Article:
“This photo was taken on the Disney sound stage where Hocus Pocus’s graveyard set was built. Actress Thora Birch reacts to Winnie Sanderson (Bette Midler) flying down to grab her, while Headless Billy Butcherson struggles to put his head back on in the background. For the scenes in the film where Billy Butcherson loses his head, actress Karyn Malchus took over for Doug Jones as “Headless Billy.” I wanted to shoot the effect practically on set, so we built up an upper torso for Karyn to wear that was proportionate to Doug Jones’. Karyn wore a skullcap with a neck stump on it that had magnets inside the stump that corresponded with magnets buried in the neck of the latex and polyfoam severed head of Billy Butcherson. Alterian had done a variation of this design on Karyn earlier, for a film called Freaked, where Karyn played a character named “Sock Head” and wore an animatronic “head” above her own, mounted on a skullcap.”


“This is a photo of Doug Jones as Billy Butcherson on the set of Hocus Pocus. His weathered skin and gaunt look was created by using one single foam latex appliance to cover his entire face and neck. I thought it was the easiest way to keep the prosthetics as thin as possible, and be able to have the wrinkles and folds line up and move well over the entire surface of his head. Because it was so thin and delicate, it took two makeup artists to apply it every day: myself and Margaret Prentice. The stitches were glued into his facial appliance every day, and between shots I would disconnect them on the bottom lip so that Doug could talk and eat. It wasn’t a flattering look though – he looked like a cross between a walrus and a skinny teenager trying to grow a mustache.”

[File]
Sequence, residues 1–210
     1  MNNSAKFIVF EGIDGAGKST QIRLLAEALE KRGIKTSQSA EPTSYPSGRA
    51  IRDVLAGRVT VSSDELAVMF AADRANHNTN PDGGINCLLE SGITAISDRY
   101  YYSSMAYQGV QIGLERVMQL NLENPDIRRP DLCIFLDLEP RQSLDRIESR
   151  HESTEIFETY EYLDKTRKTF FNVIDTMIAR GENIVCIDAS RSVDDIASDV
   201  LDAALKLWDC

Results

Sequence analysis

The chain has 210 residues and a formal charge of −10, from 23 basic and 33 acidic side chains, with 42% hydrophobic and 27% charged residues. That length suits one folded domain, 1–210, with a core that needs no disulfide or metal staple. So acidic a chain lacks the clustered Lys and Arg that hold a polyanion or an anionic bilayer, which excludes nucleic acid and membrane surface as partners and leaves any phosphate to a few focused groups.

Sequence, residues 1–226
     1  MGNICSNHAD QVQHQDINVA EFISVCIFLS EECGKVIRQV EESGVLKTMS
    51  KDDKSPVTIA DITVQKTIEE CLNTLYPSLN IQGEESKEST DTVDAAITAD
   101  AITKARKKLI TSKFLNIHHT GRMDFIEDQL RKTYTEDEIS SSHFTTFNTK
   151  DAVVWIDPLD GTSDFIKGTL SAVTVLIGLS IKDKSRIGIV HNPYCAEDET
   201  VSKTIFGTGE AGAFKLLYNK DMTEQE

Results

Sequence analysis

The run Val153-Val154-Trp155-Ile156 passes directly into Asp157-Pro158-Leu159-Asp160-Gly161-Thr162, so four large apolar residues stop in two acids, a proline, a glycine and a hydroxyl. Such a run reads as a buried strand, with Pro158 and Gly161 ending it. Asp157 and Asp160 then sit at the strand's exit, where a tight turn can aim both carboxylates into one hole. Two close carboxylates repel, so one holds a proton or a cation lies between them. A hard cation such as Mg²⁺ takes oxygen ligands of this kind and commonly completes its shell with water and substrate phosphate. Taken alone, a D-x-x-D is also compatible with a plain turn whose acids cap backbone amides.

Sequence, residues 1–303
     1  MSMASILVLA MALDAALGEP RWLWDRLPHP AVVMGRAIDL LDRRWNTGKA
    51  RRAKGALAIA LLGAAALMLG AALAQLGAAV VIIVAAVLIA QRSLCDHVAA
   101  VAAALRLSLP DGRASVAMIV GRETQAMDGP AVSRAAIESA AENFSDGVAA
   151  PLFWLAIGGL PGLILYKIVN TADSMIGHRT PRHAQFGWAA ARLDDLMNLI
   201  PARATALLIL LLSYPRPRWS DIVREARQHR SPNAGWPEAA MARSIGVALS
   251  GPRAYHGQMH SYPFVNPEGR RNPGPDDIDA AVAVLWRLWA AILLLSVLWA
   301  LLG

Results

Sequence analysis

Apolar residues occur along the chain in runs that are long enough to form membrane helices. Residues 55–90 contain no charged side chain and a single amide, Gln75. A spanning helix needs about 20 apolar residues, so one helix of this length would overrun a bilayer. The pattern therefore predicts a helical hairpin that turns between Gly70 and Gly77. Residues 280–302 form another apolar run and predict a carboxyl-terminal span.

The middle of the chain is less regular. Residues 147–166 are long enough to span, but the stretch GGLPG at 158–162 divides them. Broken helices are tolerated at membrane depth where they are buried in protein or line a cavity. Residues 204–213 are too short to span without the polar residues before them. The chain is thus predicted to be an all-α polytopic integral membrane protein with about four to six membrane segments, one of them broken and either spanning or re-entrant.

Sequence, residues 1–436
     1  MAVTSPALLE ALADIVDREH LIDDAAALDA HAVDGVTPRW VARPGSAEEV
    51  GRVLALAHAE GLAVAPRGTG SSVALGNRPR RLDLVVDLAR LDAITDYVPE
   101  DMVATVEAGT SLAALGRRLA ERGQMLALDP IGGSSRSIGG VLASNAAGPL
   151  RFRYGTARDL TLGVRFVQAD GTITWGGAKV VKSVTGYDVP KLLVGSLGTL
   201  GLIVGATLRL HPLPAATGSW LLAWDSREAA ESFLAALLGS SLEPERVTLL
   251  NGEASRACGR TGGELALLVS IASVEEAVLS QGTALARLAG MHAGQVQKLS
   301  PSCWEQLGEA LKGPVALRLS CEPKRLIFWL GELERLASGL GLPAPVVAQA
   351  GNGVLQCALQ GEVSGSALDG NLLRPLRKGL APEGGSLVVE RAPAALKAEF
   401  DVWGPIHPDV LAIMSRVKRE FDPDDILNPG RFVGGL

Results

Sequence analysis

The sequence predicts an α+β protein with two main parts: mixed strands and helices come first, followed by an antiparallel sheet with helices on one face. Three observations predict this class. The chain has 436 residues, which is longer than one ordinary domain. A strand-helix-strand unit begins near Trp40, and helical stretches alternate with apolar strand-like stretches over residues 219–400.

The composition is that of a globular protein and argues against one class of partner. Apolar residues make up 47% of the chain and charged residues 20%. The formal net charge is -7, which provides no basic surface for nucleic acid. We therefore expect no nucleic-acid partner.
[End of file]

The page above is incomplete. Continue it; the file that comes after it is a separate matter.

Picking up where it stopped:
“This Hocus Pocus photo was taken when Doug Jones‘ lovely wife, Laurie, came out to hang with us on the graveyard set on the Disney Studios lot. She was literally the picture of serenity sitting next to her husband on set while Margaret Prentice touched up Doug’s makeup. I seized on the opportunity to make the photo more memorable for her, and photo-bombed it pretending to be yelling at Doug.”